Q. You've been to the Final Four several times since '98, and you mentioned you felt like this year you had some ingredients for a championship team. In the past years, do you think there's been something missing from that?
COACH SUMMIT: Well, I think that in the previous years, I would say we've had some very fine teams, but we also played against some of our competition that had better, way call go-to players, players that could make plays. You have to have that. You have to have that, and we didn't have a Candace Parker. When we lost to Michigan State, we didn't have that anchor on the inside.
Candace has made a tremendous difference in how we play, and I think she's certainly made everyone else on the floor a lot better, and we have a -- obviously bringing in Shannon Bobbitt, the play of Sidney Spencer, our starting five as been strong. We've had some good play off of our bench, but we had not had that. When Connecticut was winning their championships, Diana Taurasi was a huge part of the puzzle.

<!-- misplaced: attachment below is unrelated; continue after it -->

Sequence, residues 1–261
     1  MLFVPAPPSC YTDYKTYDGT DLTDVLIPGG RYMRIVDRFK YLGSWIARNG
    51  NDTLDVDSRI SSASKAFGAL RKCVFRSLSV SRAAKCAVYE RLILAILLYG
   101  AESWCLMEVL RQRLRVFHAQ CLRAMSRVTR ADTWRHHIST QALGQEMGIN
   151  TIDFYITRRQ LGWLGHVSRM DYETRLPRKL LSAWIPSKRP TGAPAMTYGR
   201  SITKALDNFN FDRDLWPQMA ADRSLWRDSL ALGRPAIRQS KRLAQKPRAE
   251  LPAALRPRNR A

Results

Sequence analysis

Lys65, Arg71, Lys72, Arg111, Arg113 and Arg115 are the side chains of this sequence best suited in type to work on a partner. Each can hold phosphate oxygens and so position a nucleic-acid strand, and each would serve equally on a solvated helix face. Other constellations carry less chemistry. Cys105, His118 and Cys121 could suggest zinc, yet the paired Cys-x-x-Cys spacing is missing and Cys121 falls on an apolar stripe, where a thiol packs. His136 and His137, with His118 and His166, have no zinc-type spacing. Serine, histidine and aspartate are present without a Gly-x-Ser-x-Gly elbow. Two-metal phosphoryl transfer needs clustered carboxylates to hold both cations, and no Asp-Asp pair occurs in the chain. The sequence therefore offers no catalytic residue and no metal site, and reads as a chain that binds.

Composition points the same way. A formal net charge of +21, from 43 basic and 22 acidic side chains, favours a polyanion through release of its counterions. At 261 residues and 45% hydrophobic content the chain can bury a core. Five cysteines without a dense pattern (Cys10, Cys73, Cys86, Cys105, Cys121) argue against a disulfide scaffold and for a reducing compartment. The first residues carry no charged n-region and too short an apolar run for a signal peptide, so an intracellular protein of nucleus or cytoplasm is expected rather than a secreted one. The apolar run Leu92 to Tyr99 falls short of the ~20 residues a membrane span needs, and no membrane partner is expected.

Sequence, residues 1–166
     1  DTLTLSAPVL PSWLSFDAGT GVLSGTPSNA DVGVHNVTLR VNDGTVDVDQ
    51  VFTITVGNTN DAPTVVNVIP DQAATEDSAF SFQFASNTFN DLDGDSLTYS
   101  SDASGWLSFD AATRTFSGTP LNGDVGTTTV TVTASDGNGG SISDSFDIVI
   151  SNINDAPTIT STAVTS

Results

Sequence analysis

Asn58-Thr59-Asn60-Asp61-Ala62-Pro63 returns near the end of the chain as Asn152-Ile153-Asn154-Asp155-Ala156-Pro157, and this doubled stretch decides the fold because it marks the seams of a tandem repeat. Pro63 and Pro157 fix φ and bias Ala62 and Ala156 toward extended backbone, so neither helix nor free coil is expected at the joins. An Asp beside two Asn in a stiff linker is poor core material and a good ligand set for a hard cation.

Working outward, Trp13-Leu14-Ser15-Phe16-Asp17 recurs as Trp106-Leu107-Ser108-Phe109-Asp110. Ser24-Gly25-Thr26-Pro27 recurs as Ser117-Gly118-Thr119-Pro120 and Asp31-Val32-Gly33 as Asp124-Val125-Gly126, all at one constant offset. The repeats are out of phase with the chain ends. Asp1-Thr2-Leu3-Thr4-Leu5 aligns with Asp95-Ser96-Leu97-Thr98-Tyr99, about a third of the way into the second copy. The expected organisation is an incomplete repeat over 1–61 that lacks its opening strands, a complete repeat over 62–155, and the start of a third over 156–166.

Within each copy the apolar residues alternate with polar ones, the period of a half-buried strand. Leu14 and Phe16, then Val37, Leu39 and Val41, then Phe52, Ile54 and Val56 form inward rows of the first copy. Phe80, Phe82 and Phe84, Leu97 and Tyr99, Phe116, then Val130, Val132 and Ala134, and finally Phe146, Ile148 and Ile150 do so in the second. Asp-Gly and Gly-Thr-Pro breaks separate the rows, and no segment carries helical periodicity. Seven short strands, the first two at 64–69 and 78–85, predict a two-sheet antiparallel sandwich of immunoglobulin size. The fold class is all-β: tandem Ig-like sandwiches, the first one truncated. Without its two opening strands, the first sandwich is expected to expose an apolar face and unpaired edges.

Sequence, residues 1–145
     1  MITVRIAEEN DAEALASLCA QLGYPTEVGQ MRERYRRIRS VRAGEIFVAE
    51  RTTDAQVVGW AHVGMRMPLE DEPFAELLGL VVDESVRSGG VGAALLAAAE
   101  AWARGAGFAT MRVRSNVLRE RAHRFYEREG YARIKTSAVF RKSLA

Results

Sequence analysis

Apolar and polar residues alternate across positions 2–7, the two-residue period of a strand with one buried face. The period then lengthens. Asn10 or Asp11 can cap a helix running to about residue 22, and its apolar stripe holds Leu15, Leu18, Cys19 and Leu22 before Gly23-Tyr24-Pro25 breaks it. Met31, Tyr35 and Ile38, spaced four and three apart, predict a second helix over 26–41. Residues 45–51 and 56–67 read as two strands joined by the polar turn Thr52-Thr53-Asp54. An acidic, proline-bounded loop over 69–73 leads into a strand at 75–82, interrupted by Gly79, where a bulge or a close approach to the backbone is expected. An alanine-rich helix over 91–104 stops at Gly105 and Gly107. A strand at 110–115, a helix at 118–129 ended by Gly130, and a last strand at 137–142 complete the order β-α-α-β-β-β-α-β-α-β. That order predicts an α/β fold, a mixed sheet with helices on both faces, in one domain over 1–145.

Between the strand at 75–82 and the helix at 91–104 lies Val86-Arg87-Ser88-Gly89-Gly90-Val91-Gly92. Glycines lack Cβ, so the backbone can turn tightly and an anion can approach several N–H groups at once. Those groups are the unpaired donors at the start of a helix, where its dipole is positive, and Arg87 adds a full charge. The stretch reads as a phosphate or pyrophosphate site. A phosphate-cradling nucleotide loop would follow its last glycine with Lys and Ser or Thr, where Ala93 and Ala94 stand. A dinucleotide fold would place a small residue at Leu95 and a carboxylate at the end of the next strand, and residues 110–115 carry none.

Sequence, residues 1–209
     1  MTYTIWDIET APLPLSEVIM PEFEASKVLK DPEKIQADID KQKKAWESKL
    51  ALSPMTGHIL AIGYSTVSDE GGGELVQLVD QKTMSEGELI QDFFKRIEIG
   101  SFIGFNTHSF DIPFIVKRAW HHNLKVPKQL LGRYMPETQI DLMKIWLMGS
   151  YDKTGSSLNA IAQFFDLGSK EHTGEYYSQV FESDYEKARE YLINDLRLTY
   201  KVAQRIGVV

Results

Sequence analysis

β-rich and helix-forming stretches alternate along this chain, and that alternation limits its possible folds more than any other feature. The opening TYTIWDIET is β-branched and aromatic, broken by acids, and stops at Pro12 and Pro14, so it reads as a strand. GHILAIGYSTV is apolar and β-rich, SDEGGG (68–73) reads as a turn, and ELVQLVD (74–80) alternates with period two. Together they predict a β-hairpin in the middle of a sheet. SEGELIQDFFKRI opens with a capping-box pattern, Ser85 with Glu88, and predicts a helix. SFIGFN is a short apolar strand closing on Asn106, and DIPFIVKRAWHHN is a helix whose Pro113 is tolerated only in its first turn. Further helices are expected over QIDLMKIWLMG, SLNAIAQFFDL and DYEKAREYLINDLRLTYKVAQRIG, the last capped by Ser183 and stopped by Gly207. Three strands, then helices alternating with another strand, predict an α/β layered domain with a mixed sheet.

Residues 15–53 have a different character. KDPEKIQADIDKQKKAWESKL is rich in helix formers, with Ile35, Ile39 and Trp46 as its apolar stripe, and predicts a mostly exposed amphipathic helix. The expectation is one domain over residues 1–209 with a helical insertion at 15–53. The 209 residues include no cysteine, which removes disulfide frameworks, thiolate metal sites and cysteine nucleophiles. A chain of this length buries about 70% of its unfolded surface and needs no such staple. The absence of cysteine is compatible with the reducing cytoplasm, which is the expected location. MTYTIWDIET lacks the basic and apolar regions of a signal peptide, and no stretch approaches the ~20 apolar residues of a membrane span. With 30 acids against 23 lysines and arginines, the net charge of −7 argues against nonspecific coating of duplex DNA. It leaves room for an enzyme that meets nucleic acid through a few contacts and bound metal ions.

I know Geno (Auriemma) said many times, "We have Diana and nobody else does," and it does make a difference. Look at what Sylvia Fowles made to the LSU program, and it's just -- it is what is it in this game. And it's true for the men's game and it's true at the pro level. If you have Kobe Bryant playing the way he is right now, they are going to win more times than not; they have got a go-to.